Australian Football Players Don Blackface, Dress Up As Venus And Serena Williams

Days in Australia since last blackface incident: 0.

Another racist incident is making headlines in Australia where three football players dressed in blackface for end-of-season celebrations, commonly referred to as “Mad Monday.”

The trio, who play for a local Australian Rules Football (AFL) club in the state of Tasmania, dressed as tennis champions Serena and Venus Williams and Kenyan-born AFL player Aliir Aliir.

Photographs of the costumes surfaced on Facebook in Australia on Thursday, drawing immediate outrage from social media users.

“Some Australians still have no clue what is considered racist,” Twitter user Francis Gonzalez tweeted. “This Mad Monday “costume” is clearly racist. And I’m a person who is fed up with today’s over-the-top political correctness.”

The newspaper doubled down on its support for cartoonist Mark Knight by reprinting the picture of Williams on its front page the following day.

The latest racist incident involving players from the Penguin Football Club has left many Australians setting their “days without blackface incident in Australia” boards back to zero again, as many Twitter users quipped.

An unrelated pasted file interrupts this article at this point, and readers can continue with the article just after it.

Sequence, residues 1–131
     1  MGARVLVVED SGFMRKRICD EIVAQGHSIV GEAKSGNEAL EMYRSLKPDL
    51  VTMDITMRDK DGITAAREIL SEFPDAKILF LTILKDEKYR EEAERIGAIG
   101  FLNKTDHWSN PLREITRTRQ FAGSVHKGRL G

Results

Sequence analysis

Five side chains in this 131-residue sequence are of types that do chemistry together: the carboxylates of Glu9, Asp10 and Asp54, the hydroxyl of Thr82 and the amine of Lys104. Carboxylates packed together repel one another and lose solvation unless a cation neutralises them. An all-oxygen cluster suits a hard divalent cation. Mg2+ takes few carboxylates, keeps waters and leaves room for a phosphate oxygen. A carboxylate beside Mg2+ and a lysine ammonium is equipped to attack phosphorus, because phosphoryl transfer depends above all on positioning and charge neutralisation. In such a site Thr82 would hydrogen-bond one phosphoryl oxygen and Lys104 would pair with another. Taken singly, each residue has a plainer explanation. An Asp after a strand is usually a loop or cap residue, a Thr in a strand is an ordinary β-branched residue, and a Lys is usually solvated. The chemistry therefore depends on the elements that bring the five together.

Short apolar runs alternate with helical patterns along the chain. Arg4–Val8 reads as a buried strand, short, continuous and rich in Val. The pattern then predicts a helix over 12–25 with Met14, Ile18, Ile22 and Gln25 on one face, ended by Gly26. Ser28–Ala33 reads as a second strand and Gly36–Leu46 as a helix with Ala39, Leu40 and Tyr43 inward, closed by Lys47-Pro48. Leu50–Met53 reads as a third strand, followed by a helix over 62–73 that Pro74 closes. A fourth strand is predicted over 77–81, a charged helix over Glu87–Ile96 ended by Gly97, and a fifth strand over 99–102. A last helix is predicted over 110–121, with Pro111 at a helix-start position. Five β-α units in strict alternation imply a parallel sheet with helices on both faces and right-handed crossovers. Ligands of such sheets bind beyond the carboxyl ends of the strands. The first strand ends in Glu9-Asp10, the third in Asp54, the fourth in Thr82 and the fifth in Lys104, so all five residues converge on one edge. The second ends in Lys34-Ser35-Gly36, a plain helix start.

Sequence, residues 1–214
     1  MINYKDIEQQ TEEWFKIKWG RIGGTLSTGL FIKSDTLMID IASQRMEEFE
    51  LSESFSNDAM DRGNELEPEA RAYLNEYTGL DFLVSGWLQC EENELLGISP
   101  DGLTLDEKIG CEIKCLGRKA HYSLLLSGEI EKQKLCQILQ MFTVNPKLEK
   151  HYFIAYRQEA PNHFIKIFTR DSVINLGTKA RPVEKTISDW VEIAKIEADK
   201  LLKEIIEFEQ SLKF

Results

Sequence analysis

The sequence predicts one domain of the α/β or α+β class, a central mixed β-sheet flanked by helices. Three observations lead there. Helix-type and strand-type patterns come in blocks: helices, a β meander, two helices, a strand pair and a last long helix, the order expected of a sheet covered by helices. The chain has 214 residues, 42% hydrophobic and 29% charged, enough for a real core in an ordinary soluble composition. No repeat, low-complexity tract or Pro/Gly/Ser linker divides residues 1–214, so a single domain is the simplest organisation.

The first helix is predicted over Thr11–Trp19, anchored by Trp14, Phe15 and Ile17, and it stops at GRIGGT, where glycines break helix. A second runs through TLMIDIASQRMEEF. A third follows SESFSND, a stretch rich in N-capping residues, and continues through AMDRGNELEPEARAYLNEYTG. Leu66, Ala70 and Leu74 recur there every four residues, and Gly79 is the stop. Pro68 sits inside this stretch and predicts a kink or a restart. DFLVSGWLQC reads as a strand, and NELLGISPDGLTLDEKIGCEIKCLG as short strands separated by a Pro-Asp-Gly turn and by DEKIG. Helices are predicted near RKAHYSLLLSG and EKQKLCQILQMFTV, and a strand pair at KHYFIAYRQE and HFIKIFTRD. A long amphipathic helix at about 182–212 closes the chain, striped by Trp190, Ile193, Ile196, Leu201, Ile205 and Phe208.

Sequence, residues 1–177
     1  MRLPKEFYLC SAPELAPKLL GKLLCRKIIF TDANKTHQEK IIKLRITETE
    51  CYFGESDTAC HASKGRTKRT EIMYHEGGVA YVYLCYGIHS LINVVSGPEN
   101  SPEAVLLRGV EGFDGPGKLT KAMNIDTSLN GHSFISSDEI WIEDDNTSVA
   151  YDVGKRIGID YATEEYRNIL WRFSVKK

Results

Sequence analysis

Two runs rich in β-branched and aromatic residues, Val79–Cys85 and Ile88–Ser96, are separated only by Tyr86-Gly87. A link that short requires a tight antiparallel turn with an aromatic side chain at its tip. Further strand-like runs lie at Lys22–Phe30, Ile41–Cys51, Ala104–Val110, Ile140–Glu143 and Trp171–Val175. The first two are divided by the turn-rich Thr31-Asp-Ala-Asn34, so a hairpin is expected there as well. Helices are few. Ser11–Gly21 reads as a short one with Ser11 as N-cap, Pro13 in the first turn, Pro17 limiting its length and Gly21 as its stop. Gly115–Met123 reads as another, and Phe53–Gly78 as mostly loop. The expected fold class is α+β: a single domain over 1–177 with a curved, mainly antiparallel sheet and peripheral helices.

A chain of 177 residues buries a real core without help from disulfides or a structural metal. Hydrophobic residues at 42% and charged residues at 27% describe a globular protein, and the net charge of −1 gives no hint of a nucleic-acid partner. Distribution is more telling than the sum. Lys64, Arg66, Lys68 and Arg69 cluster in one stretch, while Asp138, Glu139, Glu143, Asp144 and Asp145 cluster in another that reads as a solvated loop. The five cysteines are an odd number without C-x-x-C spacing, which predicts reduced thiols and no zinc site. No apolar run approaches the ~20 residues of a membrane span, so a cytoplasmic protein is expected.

In a statement to HuffPost, Penguin Football Club said it was not aware the players “intended to dress in this manner” and that their behavior was “unacceptable in this day and age”.

While the trio have been reprimanded, the club insisted that their “actions were never intended to be racist in any way” and “all they meant to do was dress as one of their sporting idols”.

The players have apologised, and the league said it has put in place strategies “to ensure that this completely unacceptable behavior never happens again”.

AFL Tasmania, the state’s recognized AFL organization, told HuffPost that it vehemently disapproved of the behavior.

“We will be working with the league and club to get more information and to see how we can assist in providing education for the players,” CEO Trisha squires said.

Speaking to the Australian Broadcasting Corp, Aboriginal activist Michael Mansell said the football club had to take “responsibility for any racist, sexist or offensive behavior”.

“People enjoy playing their sports, but they are entertaining in front of the public and therefore they need to acknowledge the values that the public expects them to adhere to,” he said. “This sort of racist behavior is offensive to most reasonable people.”

Thursday’s incident isn’t the first time an AFL club has made headlines for dressing up in blackface.

In 2016 players from a suburban club in Melbourne dressed up as various African-American singers at a party where they were encouraged to dress as their favorite recording artists.


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